Becoming body conscious

July 12th, 2022

A friend commented on stars depicted on social media wearing new outfits and stilettos to showcase their figures every day during the global pandemic when most people were sequestered at home in our sweats and slippers. It was a jarring disconnect to observe. We wonder: How do we absorb bodies’ messages that leave us feeling as if, somehow, we don’t measure up?

“You look good!” an older parishioner commented to a man several decades younger after not seeing one another in person for more than a year and a half. “Look at me, I’m so old!” Listening to interactions like this one may make us conscious of how we compare our bodies with others.

Body consciousness has come to mean something rather superficial in our culture. Instead of looking out for the well-being of others and ourselves, we lift up appearance and internalize self-judgment while leaving out what matters: genuine acceptance. It is easy to see how we get sidetracked: we are biologically wired to focus outside ourselves to guard against threats.[1] But when we look outside ourselves, we also take in harmful cultural messages (read: advertising) that relentlessly push us toward imitating others instead of being ourselves. It’s like we’re fashioning another body to inhabit, just like a hermit crab![2]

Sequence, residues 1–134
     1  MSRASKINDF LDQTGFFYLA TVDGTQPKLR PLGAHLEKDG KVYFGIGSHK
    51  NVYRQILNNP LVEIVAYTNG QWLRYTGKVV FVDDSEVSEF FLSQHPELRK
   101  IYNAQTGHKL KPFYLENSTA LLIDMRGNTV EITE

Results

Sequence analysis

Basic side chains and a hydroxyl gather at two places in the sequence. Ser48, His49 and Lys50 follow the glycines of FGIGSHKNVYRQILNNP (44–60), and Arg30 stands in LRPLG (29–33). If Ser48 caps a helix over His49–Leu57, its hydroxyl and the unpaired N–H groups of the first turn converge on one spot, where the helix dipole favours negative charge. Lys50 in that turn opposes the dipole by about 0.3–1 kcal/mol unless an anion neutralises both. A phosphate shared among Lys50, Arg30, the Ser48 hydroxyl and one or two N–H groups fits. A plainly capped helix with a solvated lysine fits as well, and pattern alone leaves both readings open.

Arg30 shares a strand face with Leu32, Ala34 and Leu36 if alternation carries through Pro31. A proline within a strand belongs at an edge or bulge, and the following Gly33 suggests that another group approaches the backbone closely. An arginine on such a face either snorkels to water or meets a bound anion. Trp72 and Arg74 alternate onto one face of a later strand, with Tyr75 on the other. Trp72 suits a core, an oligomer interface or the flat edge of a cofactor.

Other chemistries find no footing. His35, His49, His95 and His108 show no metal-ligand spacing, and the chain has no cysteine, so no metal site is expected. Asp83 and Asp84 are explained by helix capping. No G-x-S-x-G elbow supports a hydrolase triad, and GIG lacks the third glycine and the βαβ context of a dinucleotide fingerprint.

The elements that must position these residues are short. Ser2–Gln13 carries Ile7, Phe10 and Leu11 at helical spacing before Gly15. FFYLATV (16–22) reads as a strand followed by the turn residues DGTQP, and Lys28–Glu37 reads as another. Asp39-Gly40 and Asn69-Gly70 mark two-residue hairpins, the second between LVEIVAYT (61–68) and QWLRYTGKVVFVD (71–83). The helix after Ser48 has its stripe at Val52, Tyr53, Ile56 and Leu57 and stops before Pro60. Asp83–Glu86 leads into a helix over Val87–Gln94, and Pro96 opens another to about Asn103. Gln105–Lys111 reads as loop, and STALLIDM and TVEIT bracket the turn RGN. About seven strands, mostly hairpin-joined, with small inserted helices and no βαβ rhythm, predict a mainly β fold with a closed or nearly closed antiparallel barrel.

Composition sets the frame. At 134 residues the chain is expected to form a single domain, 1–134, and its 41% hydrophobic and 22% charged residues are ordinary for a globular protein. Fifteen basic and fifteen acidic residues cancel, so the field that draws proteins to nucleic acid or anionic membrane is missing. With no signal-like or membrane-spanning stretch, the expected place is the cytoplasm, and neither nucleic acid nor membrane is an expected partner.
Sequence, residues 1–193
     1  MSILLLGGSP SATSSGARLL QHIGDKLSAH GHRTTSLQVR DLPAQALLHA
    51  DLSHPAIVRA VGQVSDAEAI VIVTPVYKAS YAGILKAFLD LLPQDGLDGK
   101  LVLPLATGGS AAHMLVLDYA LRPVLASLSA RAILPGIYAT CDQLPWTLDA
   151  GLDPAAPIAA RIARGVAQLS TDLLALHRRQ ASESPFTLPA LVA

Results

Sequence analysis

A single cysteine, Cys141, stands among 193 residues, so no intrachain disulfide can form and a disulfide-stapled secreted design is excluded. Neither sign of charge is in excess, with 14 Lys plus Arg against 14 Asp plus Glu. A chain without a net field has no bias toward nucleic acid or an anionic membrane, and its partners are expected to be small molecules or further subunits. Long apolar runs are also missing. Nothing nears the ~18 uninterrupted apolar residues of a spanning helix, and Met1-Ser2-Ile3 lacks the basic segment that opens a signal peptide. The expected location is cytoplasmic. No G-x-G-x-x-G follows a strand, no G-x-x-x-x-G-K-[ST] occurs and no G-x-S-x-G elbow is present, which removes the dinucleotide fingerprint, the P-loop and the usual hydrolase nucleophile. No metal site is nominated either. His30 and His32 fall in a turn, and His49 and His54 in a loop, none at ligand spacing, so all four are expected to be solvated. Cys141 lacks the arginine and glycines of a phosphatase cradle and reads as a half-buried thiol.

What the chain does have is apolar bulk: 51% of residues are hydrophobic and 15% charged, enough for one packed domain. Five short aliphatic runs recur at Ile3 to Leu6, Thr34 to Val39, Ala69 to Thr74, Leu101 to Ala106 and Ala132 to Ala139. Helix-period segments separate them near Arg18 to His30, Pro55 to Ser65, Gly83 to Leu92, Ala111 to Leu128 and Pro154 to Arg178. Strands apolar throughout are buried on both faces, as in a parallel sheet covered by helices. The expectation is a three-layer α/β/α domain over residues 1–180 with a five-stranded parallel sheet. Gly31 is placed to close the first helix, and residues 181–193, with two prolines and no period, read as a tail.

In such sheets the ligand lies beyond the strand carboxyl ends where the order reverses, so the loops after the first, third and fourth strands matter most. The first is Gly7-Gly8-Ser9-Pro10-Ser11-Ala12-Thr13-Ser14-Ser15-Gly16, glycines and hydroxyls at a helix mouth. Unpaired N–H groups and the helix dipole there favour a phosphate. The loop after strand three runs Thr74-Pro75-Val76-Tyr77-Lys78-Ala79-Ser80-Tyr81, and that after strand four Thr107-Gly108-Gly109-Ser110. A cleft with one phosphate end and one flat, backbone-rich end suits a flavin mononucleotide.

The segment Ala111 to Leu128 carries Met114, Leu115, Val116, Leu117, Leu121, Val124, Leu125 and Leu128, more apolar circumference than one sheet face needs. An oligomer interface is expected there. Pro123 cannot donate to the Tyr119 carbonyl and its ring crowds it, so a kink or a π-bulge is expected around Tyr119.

In this article, we focus on becoming body conscious as a spiritual practice, which benefits us as individuals and communities, too. We benefit from letting go of the notion that body consciousness is sinful. In fact, body unconsciousness leads us to ignore signs and look the other way. When we lack consciousness, it’s as if we sleepwalk through our lives. We leave ourselves open to being defined by and internalizing advertising and harmful cultural messages. God values our bodies. They are gifts for living out God’s divine image in the world.

The Image of God and the Body

The book of Genesis provides the basis for what it means to be created in God’s image. Humans are created on day six. The pattern for this day is different than the other days of creation; it is longer, and God speaks more than the narrator.[3] “Only humans are made in the image of God (Gen 1:26), and only they are given dominion (Gen 1:26-28).”[4] Dominion does not mean to plunder or dominate; it means to take care of. To be created in God’s image imbues us responsibility for relationship. “The royal use of ‘image’ in the Ancient Near East is democratized here. All human beings, male and female, and not just kings, ‘mirror God to the world.’”[5] In caring for our bodies, we reflect God’s image. God needs our bodies to fulfill God’s vision of the world. If we are busy copying others or trying to keep up appearances to fit in or please, we aren’t doing our part to make the vision into reality.

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Jesus is a model for being in his body and for our becoming body conscious. Mark’s Gospel portrays Jesus as a person with very human reactions: he gets annoyed with the disciples (9:19; 8:17f); groans and sighs (8:12); welcomes children for who they are, not as objects of teaching (9:36; 10:16); is full of compassion (1:41); loves the rich young man with mutual agape love (10:21); needs a cushion in the boat to sleep on (4:38).[6] Jesus is conscious of himself as a body person and lives out his call with this awareness. “Here is a Jesus who has a body, and the author of the Gospel of Mark has no problems about that.”[7] Jesus is a spiritual teacher who is also deeply body conscious.